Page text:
In sharp contrast to 2019, dry conditions are a bigger part of the crop environment going into late spring 2020. Here's the description from the Drought Monitor for the end of April.
An active pattern of storms brought cold, wet weather to the Northeast, rain and locally severe thunderstorms to parts of the South, lower Midwest, and Southeast. Drought areas along the western Gulf Coast missed the heaviest rains, while those in the eastern half fared better. A ridge of high pressure over the West kept conditions warm and dry.
A series of weather systems brought cold, wet weather to the Northeast, keeping the region free of abnormal dryness and drought. A dip in the jet stream allowed an influx of cold air into New England and the Mid-Atlantic, setting record daily low temperatures and bringing snowfall to the northern tier and high elevations in the region. The week ended with mean temperatures ranging from 3 to 10 degrees below normal and precipitation totals ranging from less than 0.3 inches (less than 50% of normal) across the northern part of the region to more than 2 inches (greater than 200% of normal) across the southern part.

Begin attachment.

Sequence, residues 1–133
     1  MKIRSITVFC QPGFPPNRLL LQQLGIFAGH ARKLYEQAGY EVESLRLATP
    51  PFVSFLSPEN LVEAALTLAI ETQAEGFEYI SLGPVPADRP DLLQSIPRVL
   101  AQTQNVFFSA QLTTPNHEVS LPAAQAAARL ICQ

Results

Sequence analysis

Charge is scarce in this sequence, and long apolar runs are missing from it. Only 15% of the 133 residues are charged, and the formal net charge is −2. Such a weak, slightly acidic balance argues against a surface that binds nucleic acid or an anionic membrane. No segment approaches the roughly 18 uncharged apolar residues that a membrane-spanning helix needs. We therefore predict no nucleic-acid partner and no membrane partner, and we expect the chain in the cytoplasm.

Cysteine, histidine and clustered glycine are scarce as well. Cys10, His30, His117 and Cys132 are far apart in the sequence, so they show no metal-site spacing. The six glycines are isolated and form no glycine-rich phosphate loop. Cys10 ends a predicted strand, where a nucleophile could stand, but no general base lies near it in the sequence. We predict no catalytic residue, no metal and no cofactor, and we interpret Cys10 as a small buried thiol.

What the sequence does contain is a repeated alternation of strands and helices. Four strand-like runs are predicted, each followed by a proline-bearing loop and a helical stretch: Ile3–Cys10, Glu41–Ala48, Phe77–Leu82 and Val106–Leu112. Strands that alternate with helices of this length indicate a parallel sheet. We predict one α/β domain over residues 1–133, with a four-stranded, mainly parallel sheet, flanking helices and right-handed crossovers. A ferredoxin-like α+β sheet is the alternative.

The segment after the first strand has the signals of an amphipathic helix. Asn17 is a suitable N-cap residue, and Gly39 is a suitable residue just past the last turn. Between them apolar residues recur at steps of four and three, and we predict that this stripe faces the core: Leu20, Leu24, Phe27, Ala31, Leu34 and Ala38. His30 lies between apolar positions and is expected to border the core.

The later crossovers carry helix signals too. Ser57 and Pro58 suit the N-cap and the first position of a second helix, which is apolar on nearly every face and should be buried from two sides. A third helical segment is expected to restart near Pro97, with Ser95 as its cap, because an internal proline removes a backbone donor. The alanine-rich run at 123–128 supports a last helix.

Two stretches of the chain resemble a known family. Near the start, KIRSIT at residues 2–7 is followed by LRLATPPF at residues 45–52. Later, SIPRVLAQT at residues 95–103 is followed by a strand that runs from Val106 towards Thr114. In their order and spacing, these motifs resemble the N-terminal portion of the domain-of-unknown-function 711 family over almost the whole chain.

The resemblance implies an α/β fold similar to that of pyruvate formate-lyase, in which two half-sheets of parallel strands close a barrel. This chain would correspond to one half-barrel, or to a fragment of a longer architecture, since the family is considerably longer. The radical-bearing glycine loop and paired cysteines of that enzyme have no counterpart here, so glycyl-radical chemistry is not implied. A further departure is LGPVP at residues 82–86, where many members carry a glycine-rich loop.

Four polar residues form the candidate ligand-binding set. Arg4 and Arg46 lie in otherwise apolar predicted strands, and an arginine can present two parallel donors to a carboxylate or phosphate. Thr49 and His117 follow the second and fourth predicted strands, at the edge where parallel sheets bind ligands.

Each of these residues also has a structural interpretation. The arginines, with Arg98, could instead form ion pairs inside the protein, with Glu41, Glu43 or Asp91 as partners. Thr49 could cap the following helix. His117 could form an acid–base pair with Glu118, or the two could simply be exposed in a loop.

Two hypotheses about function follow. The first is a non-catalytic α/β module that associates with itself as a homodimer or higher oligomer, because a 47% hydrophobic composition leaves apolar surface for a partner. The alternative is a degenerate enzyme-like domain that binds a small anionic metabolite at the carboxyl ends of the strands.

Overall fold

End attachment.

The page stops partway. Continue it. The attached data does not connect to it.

The Southeast saw locally heavy rainfall and thunderstorms with parts of Georgia, Alabama, and Florida receiving upwards of 5 inches of rain. Average temperatures generally ranged 1 to 3 degrees below normal, with the exception of Florida, which saw temperatures of 2 to 5 degrees above normal. The rain helped improve the abnormally dry (D0) areas near the border of Alabama, Georgia, and Florida.
In the Florida Panhandle, the rain finally was enough to help reduce moisture deficits and improve streamflow, resulting in the removal of the area of severe drought (D2) that had been in place since mid-February. Other improvements in Florida include a broad one-category improvement across the northern and central part of the state as excess rain over the last two weeks erased deficits, replenished soil moisture and streamflow, and improved vegetation health. Southeast Florida saw small reductions in moderate and severe drought (D1 and D2) where more than 1.5 inches of rain fell and where precipitation, streamflow, and vegetation health indicators no longer supported the depiction.